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Piloting a New ProductPiloting a New Product

March 1, 2005

10 Min Read
Piloting a New Product

March 2005
Nutrition Notes Piloting a New Product
By Martin Schultz
Contributing Editor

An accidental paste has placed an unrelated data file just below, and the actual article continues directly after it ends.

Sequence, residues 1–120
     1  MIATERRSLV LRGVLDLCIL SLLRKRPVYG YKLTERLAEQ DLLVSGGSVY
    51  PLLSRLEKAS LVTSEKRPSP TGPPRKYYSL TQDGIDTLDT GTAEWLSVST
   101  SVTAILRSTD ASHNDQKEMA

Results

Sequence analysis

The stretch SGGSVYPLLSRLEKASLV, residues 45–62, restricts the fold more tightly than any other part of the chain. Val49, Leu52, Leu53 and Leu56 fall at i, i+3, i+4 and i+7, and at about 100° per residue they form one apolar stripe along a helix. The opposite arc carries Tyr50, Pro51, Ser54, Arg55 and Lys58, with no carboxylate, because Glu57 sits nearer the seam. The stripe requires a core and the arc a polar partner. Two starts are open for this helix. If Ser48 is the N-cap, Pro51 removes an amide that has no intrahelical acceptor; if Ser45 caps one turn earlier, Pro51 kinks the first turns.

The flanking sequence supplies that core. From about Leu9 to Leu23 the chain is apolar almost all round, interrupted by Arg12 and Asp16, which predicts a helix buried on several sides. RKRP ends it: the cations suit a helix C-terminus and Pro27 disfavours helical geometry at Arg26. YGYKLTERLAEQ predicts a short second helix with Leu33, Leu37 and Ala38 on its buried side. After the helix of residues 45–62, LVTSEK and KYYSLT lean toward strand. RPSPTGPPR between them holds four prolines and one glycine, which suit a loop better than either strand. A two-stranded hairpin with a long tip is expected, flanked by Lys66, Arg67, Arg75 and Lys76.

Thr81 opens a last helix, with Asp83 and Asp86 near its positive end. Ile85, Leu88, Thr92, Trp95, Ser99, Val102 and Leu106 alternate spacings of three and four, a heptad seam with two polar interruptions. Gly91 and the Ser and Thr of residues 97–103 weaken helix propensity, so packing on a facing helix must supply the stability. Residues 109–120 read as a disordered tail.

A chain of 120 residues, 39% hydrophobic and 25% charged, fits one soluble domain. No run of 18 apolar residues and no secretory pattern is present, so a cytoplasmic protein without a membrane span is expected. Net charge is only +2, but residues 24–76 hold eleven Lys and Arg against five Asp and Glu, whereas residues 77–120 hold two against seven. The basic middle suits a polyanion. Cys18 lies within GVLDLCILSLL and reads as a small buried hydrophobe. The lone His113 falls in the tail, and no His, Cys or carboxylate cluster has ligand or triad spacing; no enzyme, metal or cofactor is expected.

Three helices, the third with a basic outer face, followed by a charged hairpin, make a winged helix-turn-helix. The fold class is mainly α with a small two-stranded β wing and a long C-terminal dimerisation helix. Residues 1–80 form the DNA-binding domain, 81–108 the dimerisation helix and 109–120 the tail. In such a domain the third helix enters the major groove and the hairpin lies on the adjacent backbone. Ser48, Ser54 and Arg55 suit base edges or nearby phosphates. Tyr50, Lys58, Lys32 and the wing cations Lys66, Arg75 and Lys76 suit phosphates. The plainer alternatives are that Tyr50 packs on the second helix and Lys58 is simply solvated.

Underpinning a decision to go ahead with the production of, say, a new vanilla-frosted cookie are issues of cost and risk -- two sides of the same coin. Will the frosting cost too much? Can it be produced at high-speed without jamming the pumps? Will customers like it and will consumers keep buying it? In the process of constantly generating new brands or line extensions, food processors stay competitive by juggling the investment/production equation. While unsuccessful introductions often clutter store shelves, these represent only the tip of a mountain of failures that never reach full production. Some disappear while still on the lab bench, others when they get to the pilot line of a production facility. But the vast majority of products with market potential end their careers in a pilot plant. "A pilot plant's purpose is to reduce the manufacturer's investment risk in a new product," explains Edward Goldman, senior vice president of Waltham, MA-based Foster-Miller, Inc. "When you minimize risk, you reduce the possibility of costly surprises occurring at the manufacturing stage." The cost implications are huge, says Paul Keida, president of Food Innovations and Design, Columbus, OH. "Essentially, one of the roles of the pilot plant is that's where you want to make mistakes and find out what does not work." Small-scale complexity